If you are bidding on a project that costs $100,000 and you are required to get a 10% bid bond, then you need to post a $10,000 bid bond. Bid bond amounts also vary based on each construction job and specifications of an Obligee.
Tip: To qualify for larger contract/construction bonds, have a CPA work with you to help ensure your financial documents are planned and coordinated to facilitate a surety’s decision quickly.
One of our agents can help you determine the cost of your bid bond, if any, for your next bid. Once the amount is determined, we can work quickly to get your bond to you.
How long does it take to get a Bid Bond?
Surety underwriters may ask for a copy of the bid invitation to see the actual bidding date. The duration may vary depending on your submitted requirements. For contractors that have a strong financial capacity, solid work experience on construction projects, and completed application forms are more likely to be issued bid bonds in a matter of hours or a few days.
Remember – when it comes to bidding – there may have other bidders vying for the same project. And to be issued a bid bond, the bottom line will always be your working capital and bonding capacity.
What is a bonding capacity?
It is what underwriters will look into if you are qualified for the job.
The type of work being performed, the breakdown of costs, the bid spread, the bond forms being used, and the contract form to be bonded are all details reviewed by the surety each time a contractor requests a bid bond.
Below are some of the things that a surety may consider when determining a contractor’s bonding capacity:
- Financial capability (includes working capital, net worth, and personal)
- Lines of credit
- Financial position of any partner or associate companies
- Credit scores
- Completed projects
- Current work
If you feel that you cannot meet the terms of the agreed contract price, you can choose to withdraw your bid.
What happens if I withdraw my Bid?
If you withdraw your project bid before the project owner opens the bid, then you will not have lost the bid security. However, once the bidding has concluded and the contract awarded, withdrawing the bid could mean losing your bid security. In some cases, the project owner may allow a bid to be withdrawn without taking action.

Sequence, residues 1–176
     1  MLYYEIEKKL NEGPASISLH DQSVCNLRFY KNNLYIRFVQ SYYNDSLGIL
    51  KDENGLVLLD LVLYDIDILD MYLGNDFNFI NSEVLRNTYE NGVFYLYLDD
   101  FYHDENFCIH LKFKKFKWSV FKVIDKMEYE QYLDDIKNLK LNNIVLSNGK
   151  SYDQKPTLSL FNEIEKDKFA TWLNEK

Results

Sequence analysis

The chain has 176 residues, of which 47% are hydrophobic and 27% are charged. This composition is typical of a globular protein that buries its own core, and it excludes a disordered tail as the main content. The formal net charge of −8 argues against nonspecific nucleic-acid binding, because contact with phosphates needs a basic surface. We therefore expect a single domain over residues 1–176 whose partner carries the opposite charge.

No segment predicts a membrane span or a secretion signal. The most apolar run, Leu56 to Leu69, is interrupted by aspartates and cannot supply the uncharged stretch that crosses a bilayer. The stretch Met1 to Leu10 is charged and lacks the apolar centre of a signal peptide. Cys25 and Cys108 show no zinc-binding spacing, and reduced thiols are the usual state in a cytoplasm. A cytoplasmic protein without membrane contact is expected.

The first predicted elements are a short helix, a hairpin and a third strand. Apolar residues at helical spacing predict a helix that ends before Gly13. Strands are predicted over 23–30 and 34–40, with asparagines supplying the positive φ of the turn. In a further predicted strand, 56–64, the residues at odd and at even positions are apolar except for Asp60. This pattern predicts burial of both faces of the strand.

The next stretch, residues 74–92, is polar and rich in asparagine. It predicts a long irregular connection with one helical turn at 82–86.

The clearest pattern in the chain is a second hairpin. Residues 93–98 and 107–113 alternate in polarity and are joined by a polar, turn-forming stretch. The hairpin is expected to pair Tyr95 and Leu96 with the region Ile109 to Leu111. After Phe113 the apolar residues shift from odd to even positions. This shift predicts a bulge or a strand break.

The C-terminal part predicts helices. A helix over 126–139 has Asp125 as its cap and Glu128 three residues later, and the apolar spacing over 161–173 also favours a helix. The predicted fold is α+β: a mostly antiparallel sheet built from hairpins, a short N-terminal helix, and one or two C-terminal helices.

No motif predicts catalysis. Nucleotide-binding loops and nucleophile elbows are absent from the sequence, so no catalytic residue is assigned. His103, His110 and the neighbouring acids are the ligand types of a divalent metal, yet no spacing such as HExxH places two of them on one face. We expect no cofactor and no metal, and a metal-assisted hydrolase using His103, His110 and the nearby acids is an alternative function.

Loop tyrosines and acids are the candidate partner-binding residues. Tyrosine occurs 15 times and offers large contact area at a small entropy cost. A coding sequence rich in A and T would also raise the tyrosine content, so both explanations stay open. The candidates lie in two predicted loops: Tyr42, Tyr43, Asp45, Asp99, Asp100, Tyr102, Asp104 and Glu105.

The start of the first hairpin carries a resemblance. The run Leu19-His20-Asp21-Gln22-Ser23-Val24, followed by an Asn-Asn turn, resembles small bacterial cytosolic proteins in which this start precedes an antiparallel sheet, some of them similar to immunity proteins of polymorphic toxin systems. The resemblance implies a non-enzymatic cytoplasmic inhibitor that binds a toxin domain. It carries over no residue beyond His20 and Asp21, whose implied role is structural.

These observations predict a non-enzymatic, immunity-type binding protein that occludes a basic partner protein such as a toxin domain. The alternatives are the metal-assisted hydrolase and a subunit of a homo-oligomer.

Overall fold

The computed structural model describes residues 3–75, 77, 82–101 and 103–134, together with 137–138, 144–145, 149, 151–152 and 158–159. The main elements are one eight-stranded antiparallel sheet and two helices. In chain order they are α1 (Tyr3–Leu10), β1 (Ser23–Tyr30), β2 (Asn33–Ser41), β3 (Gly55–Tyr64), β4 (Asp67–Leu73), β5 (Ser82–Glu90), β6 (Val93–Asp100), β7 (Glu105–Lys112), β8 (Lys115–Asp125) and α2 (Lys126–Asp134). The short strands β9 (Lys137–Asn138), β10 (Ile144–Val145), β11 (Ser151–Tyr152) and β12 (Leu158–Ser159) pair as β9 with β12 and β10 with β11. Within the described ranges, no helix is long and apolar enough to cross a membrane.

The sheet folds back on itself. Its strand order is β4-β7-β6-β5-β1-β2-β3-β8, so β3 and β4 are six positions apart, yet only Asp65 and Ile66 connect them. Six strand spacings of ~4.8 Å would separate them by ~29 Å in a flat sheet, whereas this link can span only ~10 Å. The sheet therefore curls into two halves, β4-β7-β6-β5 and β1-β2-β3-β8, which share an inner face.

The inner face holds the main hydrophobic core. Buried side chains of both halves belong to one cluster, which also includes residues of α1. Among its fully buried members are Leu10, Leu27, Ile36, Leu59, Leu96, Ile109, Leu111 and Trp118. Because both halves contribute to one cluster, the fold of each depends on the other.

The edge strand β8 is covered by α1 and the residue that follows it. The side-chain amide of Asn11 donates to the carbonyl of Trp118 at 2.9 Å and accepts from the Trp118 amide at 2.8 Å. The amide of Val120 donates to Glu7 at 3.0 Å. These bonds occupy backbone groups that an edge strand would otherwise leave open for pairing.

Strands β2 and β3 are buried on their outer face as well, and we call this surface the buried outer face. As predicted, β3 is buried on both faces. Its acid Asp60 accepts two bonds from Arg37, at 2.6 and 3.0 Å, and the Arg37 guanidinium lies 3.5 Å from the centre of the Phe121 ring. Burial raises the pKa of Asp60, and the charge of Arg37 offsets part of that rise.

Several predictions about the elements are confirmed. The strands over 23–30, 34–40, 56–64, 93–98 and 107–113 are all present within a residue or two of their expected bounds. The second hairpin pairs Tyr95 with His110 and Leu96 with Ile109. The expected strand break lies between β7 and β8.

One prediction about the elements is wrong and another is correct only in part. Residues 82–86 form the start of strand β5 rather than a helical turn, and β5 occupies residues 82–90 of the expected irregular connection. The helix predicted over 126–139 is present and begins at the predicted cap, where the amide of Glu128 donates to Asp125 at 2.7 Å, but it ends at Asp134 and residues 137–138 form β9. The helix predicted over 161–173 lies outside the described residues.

If you decide to withdraw because the bid amount is higher than the amount stated in the bid documents, you may consider reviewing your bond form and see if it indicates a capped bid bond.
What is a capped Bid Bond?
Capped bid bonds usually occur if the bid bond has a maximum dollar amount. Federal or state public construction projects require a bond that automatically adjusts to the submitted contract amount (10%-20% of the bid). However, in some cases, a capped bid bond is issued.
Capped bid bonds are worth not more than the specified percentage of the already-approved estimated contract price.
For example, a project valued at $100,000 is issued a 10% bid bond. If the bond is capped, the amount won’t be more than $10,000. When a contractor submits a bid proposal for more than $100,000, the bid security will be thrown out.
How do you know if the bond is capped? The bond form may indicate, “Ten Percent of the contract amount bid not exceeding $10,000.”
Tip: Never submit false bids or end up losing not only that construction project opportunity but your good reputation.
How do I get a Bid Bond?
Submit an application and your financial documents.
Do not forget to include the bid bond form.
Bid bond forms are mandatory.
A surety company can provide you industry standard copies of a downloadable bid bond form sample. However, this may depend on the Obligee. The Obligee may furnish you with bond forms that are specific to the contract.
To help you stay on top of the competition and understand your bid bond requirements, contact a specialty surety bond broker licensed in your state or city to request a free quote. Our licensed bond agents will help you find your way to getting approved for a construction surety bond in a fast, efficient, and affordable manner. Call us today!